Recycling and Biodiversity
22 May, 2020 8:03 AM / by Leon Traazil
How Does Recycling Benefit Biodiversity – and Why It Matters
When investigating only 19 trees in Borneo, researchers found 2000 different kinds of beetles! This indicates how remarkable biodiversity is not only in tropical areas. All around the world, we can so far observe an estimated 5 – 50 million animals. The high range of estimates stems from the fact that scientists still discover new animal varieties every day. On the other hand, we also observe more and more animal species dying out: Due to destruction of their livelihoods, excessive hunting or climate change, an estimated 11 000 – 58 000 kinds of animals die out every year!
This loss in biodiversity affects plants and animals alike: According to researchers, from the 335 000 different kinds of plants in our world, around 2,3 species disappear from our planet every year. This number sounds comparatively small, however, it is proven to be accelerated due to human activities!
Why Does It Matter
Every animal and every plant has its position in the ecosystem. When a species vanishes, this often has vast consequences on the whole: For example, insects are responsible for the pollination of ¾ of all the plants cultivated for human consumption. Bees, which are severely endangered by human activities such as excessive pesticide and land use, would heavily impact human beings when they die out.
Also, when plants rely on animals spreading their seeds so they can reproduce themselves, and these animals die out, they grow in accumulations more frequently. Animal species that lose their predators as they die out can become a severe plague which has backlashes on the natural environment as well on agriculture!
How We Can Preserve Biodiversity
The greatest challenge in order to preserve biodiversity for future generations is to abstain from the destruction of natural livelihoods of animals, especially islands and other areas particularly rich in biodiversity (e.g. rainforests). However, human population on the world is still increasing and the need for more materials, electricity and food continues to grow. In our opinion, more sound management of natural areas is needed if we do not want to lose our natural biodiversity. We need to set up conservation areas in regions known to be home of many different species of animals, effectively controlling access to these in order to protect animal and plant life there!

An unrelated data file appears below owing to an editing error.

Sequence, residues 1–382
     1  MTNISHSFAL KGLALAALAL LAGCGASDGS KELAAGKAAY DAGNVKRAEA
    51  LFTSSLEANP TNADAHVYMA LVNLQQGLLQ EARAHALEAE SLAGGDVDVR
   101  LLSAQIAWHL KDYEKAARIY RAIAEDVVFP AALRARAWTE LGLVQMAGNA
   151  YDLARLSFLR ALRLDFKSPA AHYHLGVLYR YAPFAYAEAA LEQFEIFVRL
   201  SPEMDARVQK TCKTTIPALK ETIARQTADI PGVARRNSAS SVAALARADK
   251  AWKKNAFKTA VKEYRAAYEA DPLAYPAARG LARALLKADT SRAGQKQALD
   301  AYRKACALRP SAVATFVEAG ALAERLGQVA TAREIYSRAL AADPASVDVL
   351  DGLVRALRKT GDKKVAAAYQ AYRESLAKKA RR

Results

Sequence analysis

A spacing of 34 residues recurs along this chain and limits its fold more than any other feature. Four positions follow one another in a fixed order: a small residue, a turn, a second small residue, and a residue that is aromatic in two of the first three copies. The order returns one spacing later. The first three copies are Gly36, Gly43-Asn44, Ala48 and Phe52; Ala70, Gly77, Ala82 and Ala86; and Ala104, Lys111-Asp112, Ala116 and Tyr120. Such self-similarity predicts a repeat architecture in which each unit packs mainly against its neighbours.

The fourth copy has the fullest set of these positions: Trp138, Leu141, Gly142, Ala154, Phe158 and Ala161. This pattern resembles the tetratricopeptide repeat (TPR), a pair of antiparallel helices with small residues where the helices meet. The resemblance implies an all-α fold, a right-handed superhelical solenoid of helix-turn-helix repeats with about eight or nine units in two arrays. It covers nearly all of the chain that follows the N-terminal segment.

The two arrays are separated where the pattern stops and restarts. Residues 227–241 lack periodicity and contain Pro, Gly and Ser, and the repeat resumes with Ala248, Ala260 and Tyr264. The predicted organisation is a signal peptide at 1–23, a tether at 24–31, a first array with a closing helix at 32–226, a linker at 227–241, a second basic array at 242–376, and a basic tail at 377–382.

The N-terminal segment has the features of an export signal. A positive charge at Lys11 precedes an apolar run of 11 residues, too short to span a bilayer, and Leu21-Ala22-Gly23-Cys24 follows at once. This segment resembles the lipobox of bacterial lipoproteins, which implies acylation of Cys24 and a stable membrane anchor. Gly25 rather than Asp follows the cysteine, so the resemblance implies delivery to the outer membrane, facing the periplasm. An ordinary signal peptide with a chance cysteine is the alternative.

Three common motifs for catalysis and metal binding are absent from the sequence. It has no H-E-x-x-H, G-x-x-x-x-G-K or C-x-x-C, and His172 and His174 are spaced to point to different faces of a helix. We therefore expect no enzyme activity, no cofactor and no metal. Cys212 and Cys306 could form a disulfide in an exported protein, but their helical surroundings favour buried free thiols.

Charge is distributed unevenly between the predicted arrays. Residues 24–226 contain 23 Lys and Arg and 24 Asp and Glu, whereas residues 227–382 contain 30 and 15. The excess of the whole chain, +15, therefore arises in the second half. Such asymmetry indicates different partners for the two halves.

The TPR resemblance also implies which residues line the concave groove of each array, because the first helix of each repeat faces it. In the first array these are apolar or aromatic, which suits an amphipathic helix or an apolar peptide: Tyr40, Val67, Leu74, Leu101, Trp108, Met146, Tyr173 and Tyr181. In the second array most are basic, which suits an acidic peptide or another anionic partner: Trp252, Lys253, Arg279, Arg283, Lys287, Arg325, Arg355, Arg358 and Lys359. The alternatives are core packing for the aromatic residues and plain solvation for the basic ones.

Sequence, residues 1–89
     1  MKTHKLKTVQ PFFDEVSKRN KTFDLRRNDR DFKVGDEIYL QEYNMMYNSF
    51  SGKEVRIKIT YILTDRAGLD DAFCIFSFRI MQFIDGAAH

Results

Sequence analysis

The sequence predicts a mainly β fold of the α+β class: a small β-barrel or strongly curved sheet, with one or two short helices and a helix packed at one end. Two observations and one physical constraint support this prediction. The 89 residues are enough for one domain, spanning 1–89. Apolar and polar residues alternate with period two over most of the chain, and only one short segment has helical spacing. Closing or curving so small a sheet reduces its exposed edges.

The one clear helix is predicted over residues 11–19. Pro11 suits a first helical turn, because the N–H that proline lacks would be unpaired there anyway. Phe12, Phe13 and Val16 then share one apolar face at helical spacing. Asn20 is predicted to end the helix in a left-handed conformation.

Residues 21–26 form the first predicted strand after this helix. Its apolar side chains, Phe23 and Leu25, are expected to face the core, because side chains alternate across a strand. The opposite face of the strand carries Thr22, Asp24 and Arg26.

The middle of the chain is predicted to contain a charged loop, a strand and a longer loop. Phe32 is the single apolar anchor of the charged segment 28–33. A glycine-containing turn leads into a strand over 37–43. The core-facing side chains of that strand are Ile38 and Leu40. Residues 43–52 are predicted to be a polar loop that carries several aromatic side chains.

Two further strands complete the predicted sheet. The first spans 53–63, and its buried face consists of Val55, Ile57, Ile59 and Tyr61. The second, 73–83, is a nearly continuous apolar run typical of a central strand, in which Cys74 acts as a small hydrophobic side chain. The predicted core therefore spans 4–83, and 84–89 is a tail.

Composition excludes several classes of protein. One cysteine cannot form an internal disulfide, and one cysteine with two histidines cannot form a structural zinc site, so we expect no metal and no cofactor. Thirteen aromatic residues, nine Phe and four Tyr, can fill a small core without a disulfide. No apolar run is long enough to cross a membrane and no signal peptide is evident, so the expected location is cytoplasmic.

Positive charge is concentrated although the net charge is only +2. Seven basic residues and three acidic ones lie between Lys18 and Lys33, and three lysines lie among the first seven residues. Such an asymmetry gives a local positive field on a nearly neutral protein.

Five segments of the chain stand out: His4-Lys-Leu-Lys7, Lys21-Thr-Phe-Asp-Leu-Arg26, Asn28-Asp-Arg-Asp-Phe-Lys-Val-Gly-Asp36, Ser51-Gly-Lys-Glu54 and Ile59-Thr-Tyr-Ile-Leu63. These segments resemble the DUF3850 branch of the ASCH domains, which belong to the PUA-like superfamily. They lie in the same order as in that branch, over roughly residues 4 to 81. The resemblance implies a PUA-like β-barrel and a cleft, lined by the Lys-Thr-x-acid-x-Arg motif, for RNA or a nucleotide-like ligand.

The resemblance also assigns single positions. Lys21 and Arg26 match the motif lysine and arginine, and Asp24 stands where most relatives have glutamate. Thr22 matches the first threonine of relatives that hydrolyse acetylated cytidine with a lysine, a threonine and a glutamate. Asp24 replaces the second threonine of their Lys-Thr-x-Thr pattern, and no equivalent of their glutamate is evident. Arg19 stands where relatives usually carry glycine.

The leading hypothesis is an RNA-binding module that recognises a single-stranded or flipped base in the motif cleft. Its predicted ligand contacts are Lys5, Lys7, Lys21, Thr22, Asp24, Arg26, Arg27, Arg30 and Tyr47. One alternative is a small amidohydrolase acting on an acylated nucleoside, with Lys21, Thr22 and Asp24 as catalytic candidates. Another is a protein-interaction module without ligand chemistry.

Conscious consumption, production and reuse of materials also support the preservation of natural habitats: For example, gold is often mined from natural areas that are very rich in biodiversity. Instead of destroying them by extracting new raw materials, we can recycle base and precious metals and reuse them for new products!
When we recycle toxic and hazardous waste, plastic packaging waste, e-goods in a safe way, we preserve ecosystems from chemicals and waste. By today, still a lot of countries do not recycle their plastic packaging waste and discard it into the natural environment instead, endangering biodiversity.
Through safe recycling operations, we can also divert more waste away from growing landfills worldwide that use up free natural space as well – not every landfill is as scenic and rich in biodiversity as Pulau Semakau. More than 700 species of animals and plants live there. Semakau landfill was even opened for the public and is a preferred place for birdwatching. Species like the Great-billed Heron, the tallest bird of Singapore amongst 66 others are found on Pulau Semakau. In the nearby waters, corals have been planted and visitors can see a huge range of marine life. This should, indeed, not cover the fact that more often than not, landfills severely endanger human and animal life.
Climate change is endangering biodiversity as well, because plants and fish that are specifically adapted to their environment often cannot live up to fast changes in temperature or predators that can reproduce much faster. Recycled base and precious metals show a remarkable lower carbon footprint than metals from natural mining. This shows that recycling supports biodiversity in many different aspects, and is one of the reasons why we advocate for a circular economic system.
Currently, we recycle toxic and hazardous waste of various kinds, as well as catalytic converters and packaging waste.
Does your waste contain base and precious metals? Does your company produce packaging waste or urban wood waste, unsure about how to find value in it? We can find an economically and ecologically more profitable way than just discarding it on the landfill.
Find more information about our recycling services here, and discover the potential of your waste and help us to preserve our earth’s rich biodiversity! If you’re ready to have a chat with us about how we can turn your waste to treasure, get in touch with us today.
Topics: Catalytic Converters, Corporate Social Responsbility, Environmental Offset, Metal Waste, Packaging Waste, Reimagining Sustainability, Sustainability in Singapore, Wood Waste
Written by Leon Traazil
Leon is the Head of Strategic Partnerships for Environmental Solutions (Asia).